LG's refreshed gram lineup, which includes 13-, 14-, and 15-inch models, offers up a physically-lightweight PC experience along with hardware that'll get you through a day's work. It's something you can slip into your backpack or messenger and practically forget is there, at least until you sit down, set up a workspace, and have people tell you that they've never heard of a "gram."
Over the course of the initial review period, in which I used the 15.6-inch gram 15Z980 for about two weeks, I expressed concern in a few areas, namely durability. Now, after using the gram on a daily basis for more than 100 days, I have a better idea of how well this ultralight laptop holds up. And it's somewhat surprising.
LG gram's flexible lid is no issue
It's nearly impossible to pick up the gram 15Z980 and not remark on its 2.41 pounds (1,095 grams). The nanocarbon and magnesium chassis, while very light, comes across as more plastic-y than anything, especially on the lid, where flex is evident. Lifting or adjusting the lid from a corner at first seemed like a risk, but I've mostly forgotten about it at this point. There's no sign of any unwanted, permanent bends, and you can still easily open the lid with one hand.
The plastic bezel and gasket around the display likewise seemed kind of flimsy, and I was worried that it would begin to permanently pull away after some time (you can kind of snap it against the lid material). It has also held up well, and there's no more space between the lid and the secondary bezel material than there was on day one.
LG gram's chassis doesn't easily scratch
Though there's far less flex in the main portion of the chassis, it also doesn't quite feel as solid as a lot of other laptops. I understand now that it's more about the lack of weight ― isn't heavy stuff always valuable? ― than anything, as the main body shows no signs of wear.
The MIL-STD 810G stress testing LG puts the gram through evidently proves something, as I've dropped this laptop a couple of times, one from about 1.5 feet above a table and again from about three feet onto a hard floor. Keep in mind that drops are weird ― I've seen a phone fall from six inches only to shatter while another that's thrown across a room goes unharmed ― but there's really no evidence that I've been hauling this thing with me wherever I go.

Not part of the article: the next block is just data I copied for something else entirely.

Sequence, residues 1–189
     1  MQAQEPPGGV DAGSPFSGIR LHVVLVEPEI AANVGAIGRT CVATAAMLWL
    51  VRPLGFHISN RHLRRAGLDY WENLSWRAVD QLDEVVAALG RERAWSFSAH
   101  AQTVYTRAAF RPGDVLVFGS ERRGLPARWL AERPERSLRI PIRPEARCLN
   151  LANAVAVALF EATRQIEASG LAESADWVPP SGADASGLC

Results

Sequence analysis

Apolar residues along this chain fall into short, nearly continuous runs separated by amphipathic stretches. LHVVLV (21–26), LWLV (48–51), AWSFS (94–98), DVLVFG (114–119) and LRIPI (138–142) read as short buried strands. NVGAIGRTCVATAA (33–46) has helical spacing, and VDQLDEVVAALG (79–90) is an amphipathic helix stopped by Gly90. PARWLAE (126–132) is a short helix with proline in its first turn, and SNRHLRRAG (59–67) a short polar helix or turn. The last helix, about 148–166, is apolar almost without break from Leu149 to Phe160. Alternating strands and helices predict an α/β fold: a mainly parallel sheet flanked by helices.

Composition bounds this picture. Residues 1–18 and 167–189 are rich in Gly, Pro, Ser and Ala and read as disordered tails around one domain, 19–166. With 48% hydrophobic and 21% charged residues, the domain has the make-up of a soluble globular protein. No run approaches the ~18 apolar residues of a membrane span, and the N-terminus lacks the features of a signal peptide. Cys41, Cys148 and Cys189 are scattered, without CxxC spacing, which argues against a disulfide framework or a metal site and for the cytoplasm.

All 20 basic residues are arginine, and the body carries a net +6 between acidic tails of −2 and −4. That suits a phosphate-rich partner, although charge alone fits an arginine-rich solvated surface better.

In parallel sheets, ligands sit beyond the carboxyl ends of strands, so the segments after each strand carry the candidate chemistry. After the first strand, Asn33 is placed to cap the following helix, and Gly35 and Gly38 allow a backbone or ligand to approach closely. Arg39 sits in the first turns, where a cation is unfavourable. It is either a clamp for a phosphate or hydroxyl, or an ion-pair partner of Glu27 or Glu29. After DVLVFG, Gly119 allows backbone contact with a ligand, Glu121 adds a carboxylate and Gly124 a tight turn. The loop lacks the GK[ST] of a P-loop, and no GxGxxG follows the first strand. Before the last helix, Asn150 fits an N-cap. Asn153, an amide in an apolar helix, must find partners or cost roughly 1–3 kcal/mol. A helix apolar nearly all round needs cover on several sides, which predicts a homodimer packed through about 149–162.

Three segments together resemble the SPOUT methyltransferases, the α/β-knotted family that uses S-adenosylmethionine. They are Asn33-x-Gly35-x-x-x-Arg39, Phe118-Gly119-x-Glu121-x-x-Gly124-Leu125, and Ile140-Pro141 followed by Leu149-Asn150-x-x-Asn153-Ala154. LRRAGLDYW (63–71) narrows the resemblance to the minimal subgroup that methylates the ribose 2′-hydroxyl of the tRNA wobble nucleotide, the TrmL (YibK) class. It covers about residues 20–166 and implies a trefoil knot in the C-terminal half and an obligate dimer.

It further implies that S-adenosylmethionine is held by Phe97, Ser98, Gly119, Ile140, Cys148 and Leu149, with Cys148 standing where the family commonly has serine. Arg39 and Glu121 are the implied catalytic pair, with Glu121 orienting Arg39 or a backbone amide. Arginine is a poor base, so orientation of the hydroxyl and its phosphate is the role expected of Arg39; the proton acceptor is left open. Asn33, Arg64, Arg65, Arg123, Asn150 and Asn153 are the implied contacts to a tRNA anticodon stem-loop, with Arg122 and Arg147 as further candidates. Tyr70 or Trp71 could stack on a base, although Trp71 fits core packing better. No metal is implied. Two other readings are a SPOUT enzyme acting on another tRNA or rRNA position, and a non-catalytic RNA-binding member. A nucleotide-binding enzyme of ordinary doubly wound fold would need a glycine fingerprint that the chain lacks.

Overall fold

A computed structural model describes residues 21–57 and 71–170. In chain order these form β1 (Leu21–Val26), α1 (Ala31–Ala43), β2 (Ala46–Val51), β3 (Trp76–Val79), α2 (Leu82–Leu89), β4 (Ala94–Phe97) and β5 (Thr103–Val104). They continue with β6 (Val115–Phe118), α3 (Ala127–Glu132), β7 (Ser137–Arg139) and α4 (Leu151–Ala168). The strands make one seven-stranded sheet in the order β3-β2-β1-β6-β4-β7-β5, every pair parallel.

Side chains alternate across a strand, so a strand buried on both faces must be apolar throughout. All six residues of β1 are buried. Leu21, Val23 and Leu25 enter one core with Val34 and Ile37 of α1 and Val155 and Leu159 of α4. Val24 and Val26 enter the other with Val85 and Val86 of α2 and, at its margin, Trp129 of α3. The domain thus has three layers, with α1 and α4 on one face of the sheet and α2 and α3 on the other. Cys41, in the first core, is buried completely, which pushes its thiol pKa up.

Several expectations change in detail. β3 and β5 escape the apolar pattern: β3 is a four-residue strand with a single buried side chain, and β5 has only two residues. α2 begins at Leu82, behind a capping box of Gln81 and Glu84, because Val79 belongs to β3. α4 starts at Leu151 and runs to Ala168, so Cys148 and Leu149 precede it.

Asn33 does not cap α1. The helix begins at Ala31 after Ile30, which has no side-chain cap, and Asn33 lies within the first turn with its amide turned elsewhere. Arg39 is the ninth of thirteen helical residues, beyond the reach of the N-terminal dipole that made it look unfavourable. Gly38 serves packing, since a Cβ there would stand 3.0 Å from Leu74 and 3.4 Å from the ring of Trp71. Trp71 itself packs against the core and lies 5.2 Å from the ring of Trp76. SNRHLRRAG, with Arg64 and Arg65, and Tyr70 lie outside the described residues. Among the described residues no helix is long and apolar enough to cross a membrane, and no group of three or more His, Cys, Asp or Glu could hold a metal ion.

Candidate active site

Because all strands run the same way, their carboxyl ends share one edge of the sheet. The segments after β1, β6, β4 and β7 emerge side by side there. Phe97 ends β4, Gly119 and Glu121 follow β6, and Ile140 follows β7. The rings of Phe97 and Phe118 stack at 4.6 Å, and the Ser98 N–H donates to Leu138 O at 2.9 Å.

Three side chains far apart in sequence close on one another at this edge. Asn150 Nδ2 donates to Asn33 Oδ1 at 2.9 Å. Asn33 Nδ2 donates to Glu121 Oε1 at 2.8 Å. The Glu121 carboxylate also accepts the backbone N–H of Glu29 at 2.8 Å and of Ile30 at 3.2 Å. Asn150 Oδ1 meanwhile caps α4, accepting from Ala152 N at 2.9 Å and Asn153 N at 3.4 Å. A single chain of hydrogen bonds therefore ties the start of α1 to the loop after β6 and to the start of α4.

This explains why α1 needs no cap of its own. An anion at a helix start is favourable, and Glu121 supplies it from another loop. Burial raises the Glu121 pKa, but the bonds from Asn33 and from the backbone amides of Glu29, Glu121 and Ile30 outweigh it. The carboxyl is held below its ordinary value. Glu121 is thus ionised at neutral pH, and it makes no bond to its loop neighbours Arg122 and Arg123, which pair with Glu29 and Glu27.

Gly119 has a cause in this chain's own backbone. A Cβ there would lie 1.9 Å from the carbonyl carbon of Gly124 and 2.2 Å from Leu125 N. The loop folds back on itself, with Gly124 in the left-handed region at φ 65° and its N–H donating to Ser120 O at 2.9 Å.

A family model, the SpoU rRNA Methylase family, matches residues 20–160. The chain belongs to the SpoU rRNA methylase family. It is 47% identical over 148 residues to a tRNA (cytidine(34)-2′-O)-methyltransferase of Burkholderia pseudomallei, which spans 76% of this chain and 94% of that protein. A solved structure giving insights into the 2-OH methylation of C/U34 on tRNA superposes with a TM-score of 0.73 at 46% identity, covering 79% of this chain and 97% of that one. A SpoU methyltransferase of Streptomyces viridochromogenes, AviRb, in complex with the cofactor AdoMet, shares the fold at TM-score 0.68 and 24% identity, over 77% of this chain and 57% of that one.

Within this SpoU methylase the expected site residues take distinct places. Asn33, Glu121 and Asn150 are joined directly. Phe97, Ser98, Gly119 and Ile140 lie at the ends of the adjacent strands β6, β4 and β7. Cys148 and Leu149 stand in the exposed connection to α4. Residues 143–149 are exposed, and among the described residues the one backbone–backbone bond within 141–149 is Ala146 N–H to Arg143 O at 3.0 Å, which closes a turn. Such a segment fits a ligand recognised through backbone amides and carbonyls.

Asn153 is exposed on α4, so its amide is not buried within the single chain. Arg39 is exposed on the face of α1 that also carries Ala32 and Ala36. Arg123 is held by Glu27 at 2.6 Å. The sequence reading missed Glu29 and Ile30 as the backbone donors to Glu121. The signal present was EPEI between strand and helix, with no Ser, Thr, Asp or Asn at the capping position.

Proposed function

Grime and dirt hardly show up and the finish wipes down easily, there are really only two visible scratches on the outside (and only when the sun hits it right), and the keyboard hasn't faltered mechanically or aesthetically despite tens of thousands of typed words. A year with this laptop will no doubt tell a different story, but I've seen laptops come out worse just getting through the shipping process. It's OK to be worried about scratches despite how well my model has held up to abuse; you should check out my roundup of suitable sleeves and cases for an added layer of protection.
LG gram's battery hasn't degraded
Over three months ago when the gram's battery was brand new, I was seeing between 12 and 13 hours of life on a single charge. This was during standard work hours, where I was mostly word processing, editing photos, watching videos, and doing some heavy web browsing with the screen at about 60 percent brightness. It was a relief to not have to carry around the 65W charger with the laptop.
It's still going strong, and now that I've set up a workstation with a CalDigit TS3 Plus dock, the gram charges via Thunderbolt 3 while connected. At this moment, I'm not even sure where the original LG charger is located, as the laptop gets enough power while I'm using a big screen to keep me going when I'm working remotely. I understand that there shouldn't be any noticeable degradation for any laptop battery after about 115 days of heavy usage, but it's worth mentioning here that the gram is in that category.
LG gram's SATA hard drive is still relatively slow
One major complaint I had with the gram, especially given the high price of the upper-end models, was the decision to use a SATA solid-state drive (SSD). Sure, you can get up to 1TB of storage space, and the SATA interface isn't egregiously slow ― I tested about 554.1 MB/s read speed and about 449.1 MB/s write speed ― but once you get used to PCIe speeds, it's tough to go back.
The solution here is often to do a post-purchase upgrade yourself. Unable to find solid evidence online that the 15Z980 can even accept a PCIe SSD, I reached out to LG. I'm still waiting on an answer back before I take the plunge and rip the back off the laptop to tinker around.
As for other performance, you can do far better with something that costs about the same amount of money, though in some cases ― like when comparing Dell's new XPS 15 9570 to the gram 15Z980 ― that dedicated graphics card (GPU) contributes to nearly doubling the weight. It's really a form-over-function tradeoff.
The LG gram 15Z980 was really the first ultralight laptop that I tested, though I doubt it will be the last. My initial concerns over flex in the lid, plastic bezel, and the plastic-y feeling chassis have been mostly quieted after about 100 days of heavy use.
If you're a gram owner, be sure to check out my roundup of useful accessories that'll make your experience that much better, and be sure to have a look at my review for far more information about this impressive device.
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Cale Hunt is formerly a Senior Editor at Windows Central. He focuses mainly on laptop reviews, news, and accessory coverage. He's been reviewing laptops and accessories full-time since 2016, with hundreds of reviews published for Windows Central. He is an avid PC gamer and multi-platform user, and spends most of his time either tinkering with or writing about tech.